Voyager Therapeutics recently announced it is recruiting participants for the company’s phase 2 clinical trial testing the safety and effectiveness of the gene therapy VY-AADC02 in people with advanced Parkinson’s disease.
Gene therapy is a technique that involves inserting new DNA into a cell using a virus as a carrier or vector. In Parkinson’s, the DNA can help the cell to produce beneficial proteins that go on to help alleviate the motor features of the condition.
Voyager Therapeutics is a clinical-stage gene therapy company that is focused on treatments such as Parkinson’s. Voyager’s gene therapy product, VY-AADC01, carries a gene called AADC, an enzyme that converts L-dopa into dopamine. In September 2017 the company announced positive results from its Phase 1b trial of VY-AADC01.
By injecting the virus carrying VY-AADC01 into the putamen of people with advanced Parkinson’s disease, Voyager is hoping to alleviate the motor features of the condition by allowing the brain to produce a constant supply of dopamine in the exact location that is missing the dopamine – the putamen is where dopamine is released in the brain. This approach will not cure the disease, but it may make life a lot easier for those affected by Parkinson’s.
The results of the Phase 1b trial suggested that the virus was well tolerated and resulted in increased AADC enzyme activity, enhanced response to L-dopa treatment, and clinically meaningful improvements in various measures of patients’ motor function (44% improvement in ‘off medication’ measures and 55% improvement in ‘on medication’ measures).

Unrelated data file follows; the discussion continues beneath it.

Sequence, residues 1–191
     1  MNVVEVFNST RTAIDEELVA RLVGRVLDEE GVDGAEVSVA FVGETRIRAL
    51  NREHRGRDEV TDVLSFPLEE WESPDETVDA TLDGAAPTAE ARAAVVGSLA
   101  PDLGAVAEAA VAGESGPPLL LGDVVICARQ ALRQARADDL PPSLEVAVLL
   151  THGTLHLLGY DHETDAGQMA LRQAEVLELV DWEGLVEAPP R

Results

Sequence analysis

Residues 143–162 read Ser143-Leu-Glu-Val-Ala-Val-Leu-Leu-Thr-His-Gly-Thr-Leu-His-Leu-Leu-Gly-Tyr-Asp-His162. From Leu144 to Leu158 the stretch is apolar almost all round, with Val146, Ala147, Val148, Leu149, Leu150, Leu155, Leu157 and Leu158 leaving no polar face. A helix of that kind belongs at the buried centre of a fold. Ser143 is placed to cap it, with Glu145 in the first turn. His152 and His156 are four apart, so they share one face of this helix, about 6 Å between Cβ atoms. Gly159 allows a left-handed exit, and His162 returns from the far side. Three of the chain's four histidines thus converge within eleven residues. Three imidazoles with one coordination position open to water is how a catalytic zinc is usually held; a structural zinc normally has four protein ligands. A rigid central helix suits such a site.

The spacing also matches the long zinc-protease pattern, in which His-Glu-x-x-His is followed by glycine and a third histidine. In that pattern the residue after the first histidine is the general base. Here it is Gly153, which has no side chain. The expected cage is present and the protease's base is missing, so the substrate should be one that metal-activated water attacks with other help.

One of the most interesting results in the first study was the physician-rated motor examination which suggested that while cohort 1 on the lowest dose of VY-AADC01 treatment did not improve, the members of cohort 2 and 3 (the higher doses of the virus) demonstrated remarkable improvements.
The important point to remember in the first phase 1 trial of VY-AADC01 was that the study was ‘Open label’. This means that everyone involved (participants and clinicians) knew who was receiving the treatment. VY-AADC01 is now going to be tested in a double-blind fashion.
The phase 2 clinical trial testing the safety and effectiveness of the gene therapy VY-AADC02 in people with advanced Parkinson’s is now recruiting patients at select sites in the U.S. Subjects involved in the Phase 2 study all have advanced Parkinson’s so it will be interesting to see trials which can potentially benefit later stage subjects.
Our ability to deliver genes to different locations shows just how far we have come with our understanding of the biology of Parkinson’s and gene therapy is one treatment approach which is very exciting.
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